6.2.3.3 Time-changed L´evy process Let Y = {Yt , t ≥ 0} as deﬁned in equation (6.5), be the process modelling our business time. The (risk-neutral) price process S = {St , t ≥ 0} is now modelled as follows: St = S0

exp((r − q)t) exp(XYt ), E[exp(XYt )|y0 ]

(6.7)

where X = {Xt , t ≥ 0} is a L´evy process. The factor exp((r − q)t)/E[exp(XYt )|y0 ] puts us immediately into the risk-neutral world by a mean-correcting argument. Essentially, the stock price process is modelled as the ordinary exponential of a time-changed L´evy process. The process incorporates jumps (through the L´evy process Xt ) and stochastic volatility (through the time change Yt ). The characteristic function φ(u, t) for the logarithm of our stock price is given by: φ(u, t) = E[exp(iu log(St ))|S0 , y0 ] = exp(iu((r − q)t + log S0 ))

ϕ(−iψX (u); t, y0 ) , ϕ(−iψX (−i); t, y0 )iu

(6.8)

where ψX (u) = log E[exp(iuX1 )] and ϕ(u; t, y0 ) denotes the characteristic function of Yt given y0 . Since we consider two L´evy processes (VG and NIG) and two stochastic clocks (CIR and Gamma-OU), we will ﬁnally end up with four resulting models abbreviated as VG-CIR, VG-OU , NIG-CIR and NIG-OU . Due to (time-)scaling effects, one can without loss of generality scale the present rate of time change to 1 (y0 = 1). For more details, see Carr et al. (2003) [18] or Schoutens (2003) [38].

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Exotic Option Pricing and Advanced L´evy Models

6.3

STATIC HEDGING OF ASIAN OPTIONS

Consider now a European-style arithmetic average call option with strike price K, maturity T and n averaging days 0 ≤ t1 < · · · < tn ≤ T . Then, its price according to a risk-neutral pricing measure Q at time t is given by

+ % n & exp(−r(T − t)) AAt = Stk − nK EQ Ft , n k=1

where {Ft , 0 ≤ t ≤ T } denotes the natural ﬁltration of S. In general, the distribution of the dependent sum nk=1 Stk is not available, which makes pricing and hedging of these products difﬁcult. However, for our super-hedging purposes it sufﬁces to look for an upper bound of the above payoff. Assume for simplicity that t = 0 and that the averaging has not yet started. First note, that for any K1 , . . . , Kn ≥ 0 with K = nk=1 Kk , we have a.s.

+ n n + + Stk − nK = (St1 − nK1 ) + · · · + (Stn − nKn ) ≤ Stk − nKk . k=1

k=1

Hence exp(−rT ) EQ AA0 (K, T ) = n ≤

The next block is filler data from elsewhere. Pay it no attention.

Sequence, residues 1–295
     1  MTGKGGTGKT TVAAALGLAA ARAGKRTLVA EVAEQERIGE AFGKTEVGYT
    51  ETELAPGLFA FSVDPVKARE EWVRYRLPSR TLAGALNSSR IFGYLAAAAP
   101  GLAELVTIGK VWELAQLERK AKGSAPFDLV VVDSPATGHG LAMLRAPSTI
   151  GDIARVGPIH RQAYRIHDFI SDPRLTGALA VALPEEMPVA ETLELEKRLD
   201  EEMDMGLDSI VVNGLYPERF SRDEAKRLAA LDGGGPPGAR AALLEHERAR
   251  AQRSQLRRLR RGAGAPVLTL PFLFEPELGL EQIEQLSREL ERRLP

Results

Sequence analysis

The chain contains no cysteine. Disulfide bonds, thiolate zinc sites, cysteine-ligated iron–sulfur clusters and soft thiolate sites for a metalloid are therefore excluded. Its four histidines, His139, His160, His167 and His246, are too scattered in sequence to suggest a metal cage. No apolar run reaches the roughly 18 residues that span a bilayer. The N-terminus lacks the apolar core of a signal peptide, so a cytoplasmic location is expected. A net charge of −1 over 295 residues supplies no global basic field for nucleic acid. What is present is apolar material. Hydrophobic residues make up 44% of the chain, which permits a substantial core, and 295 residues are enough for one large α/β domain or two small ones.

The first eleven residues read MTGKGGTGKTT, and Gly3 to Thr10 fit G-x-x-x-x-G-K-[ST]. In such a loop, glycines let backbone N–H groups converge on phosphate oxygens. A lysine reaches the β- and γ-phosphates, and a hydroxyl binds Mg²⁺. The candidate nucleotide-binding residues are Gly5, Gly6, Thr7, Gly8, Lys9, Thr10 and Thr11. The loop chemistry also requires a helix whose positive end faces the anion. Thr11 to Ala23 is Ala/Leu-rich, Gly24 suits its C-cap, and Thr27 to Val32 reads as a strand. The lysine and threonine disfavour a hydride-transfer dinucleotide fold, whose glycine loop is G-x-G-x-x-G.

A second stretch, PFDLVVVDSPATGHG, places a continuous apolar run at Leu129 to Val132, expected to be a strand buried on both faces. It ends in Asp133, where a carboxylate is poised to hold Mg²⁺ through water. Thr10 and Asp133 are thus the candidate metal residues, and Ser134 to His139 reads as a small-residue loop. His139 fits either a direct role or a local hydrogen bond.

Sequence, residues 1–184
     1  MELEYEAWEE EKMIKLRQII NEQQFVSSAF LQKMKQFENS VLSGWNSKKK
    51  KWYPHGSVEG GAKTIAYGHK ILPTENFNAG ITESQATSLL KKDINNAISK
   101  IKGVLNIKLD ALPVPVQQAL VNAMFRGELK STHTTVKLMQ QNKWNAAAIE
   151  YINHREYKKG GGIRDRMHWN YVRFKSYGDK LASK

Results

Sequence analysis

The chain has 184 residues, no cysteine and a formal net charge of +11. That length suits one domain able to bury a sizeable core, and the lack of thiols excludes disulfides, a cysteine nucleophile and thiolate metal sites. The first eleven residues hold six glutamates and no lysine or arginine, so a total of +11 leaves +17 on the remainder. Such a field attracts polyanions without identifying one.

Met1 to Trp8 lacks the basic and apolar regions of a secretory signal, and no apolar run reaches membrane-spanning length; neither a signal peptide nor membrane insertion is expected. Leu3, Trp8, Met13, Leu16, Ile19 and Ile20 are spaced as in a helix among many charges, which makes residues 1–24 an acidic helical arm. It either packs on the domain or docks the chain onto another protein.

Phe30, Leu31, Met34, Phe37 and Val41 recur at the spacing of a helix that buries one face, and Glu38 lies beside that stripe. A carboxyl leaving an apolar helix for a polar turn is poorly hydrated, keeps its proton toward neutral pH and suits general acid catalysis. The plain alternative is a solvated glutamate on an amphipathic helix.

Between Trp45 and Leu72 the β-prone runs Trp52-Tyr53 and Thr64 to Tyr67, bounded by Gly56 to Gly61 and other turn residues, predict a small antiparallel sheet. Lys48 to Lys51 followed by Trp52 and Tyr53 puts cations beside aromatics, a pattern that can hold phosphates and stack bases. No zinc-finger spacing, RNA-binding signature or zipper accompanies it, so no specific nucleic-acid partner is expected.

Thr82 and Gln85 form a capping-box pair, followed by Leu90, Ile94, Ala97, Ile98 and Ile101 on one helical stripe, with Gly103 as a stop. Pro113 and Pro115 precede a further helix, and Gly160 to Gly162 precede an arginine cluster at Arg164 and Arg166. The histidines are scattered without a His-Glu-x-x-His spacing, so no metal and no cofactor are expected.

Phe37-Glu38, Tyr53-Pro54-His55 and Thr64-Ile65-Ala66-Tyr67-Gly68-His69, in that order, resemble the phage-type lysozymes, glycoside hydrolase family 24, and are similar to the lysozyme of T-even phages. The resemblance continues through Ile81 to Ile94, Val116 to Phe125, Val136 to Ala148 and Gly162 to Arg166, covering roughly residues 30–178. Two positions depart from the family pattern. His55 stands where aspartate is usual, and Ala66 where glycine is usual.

% n

+ Stk − nK

F0

&

k=1

n * + + exp(−rT ) EQ Stk − nKk F0 n k=1

exp(−rT ) exp(rtk )EC0 (κk , tk ), n n

=

(6.9)

k=1

where EC0 (κk , tk ) denotes the price of a European call option at time 0 with strike κk = nKk and maturity tk . In terms of hedging, this means that we have the following static super-hedging strategy: for each averaging day tk , buy exp(−r(T − tk ))/n European call options at time t = 0 with strike κk and maturity tk and hold these until their expiry. Then put their payoff on the bank account. the upper bound (equation (6.9)) holds for all combinations of κk ≥ 0 that satisfy Since n κ k=1 k = nK, we still have the freedom to choose strike values that ﬁt best to our purposes. The simplest choice is κk = K (k = 1, . . ., n). If q ≤ r, we have EC0 (K, t) ≤ EC0 (K, T ) for every K ≥ 0 and 0 ≤ t ≤ T , and thus this trivial choice shows that the Asian option price is dominated by the price of a European option with the same strike and maturity, i.e. AA0 (K, T ) ≤ EC0 (K, T ) (this trivial hedging strategy of an Asian option in terms of the corresponding European option was already observed in Nielsen and Sandmann (2003) [33]). However, for our super-hedging purposes, we naturally look for that combination of κk s which minimizes the right-hand side of equation (6.9). In the Black–Scholes setting, this optimization problem

Static Hedging of Asian Options

137

was solved in Nielsen and Sandmann (2003) [33] by using Lagrange multipliers. In the general case of arbitrary arbitrage-free market models, this optimal combination can be determined by using stop-loss transforms and the theory of comonotonic risks (for a general introduction to comonotonicity techniques, see Dhaene et al. (2002a, b) [23]). Let F (x) be a distribution function of a non-negative random variable X; then its stop-loss transform F (m) is deﬁned by +∞ F (m) = (x − m)dF (x) = E[(X − m)+ ], m ≥ 0. m

If we write An =

n

Stk

k=1

and FAt n (x) = PQ (An ≤ x|Ft ) for the distribution function under Q of An given the information Ft , then we have AAt =

exp(−r(T − t)) F t (nK). An n

(6.10)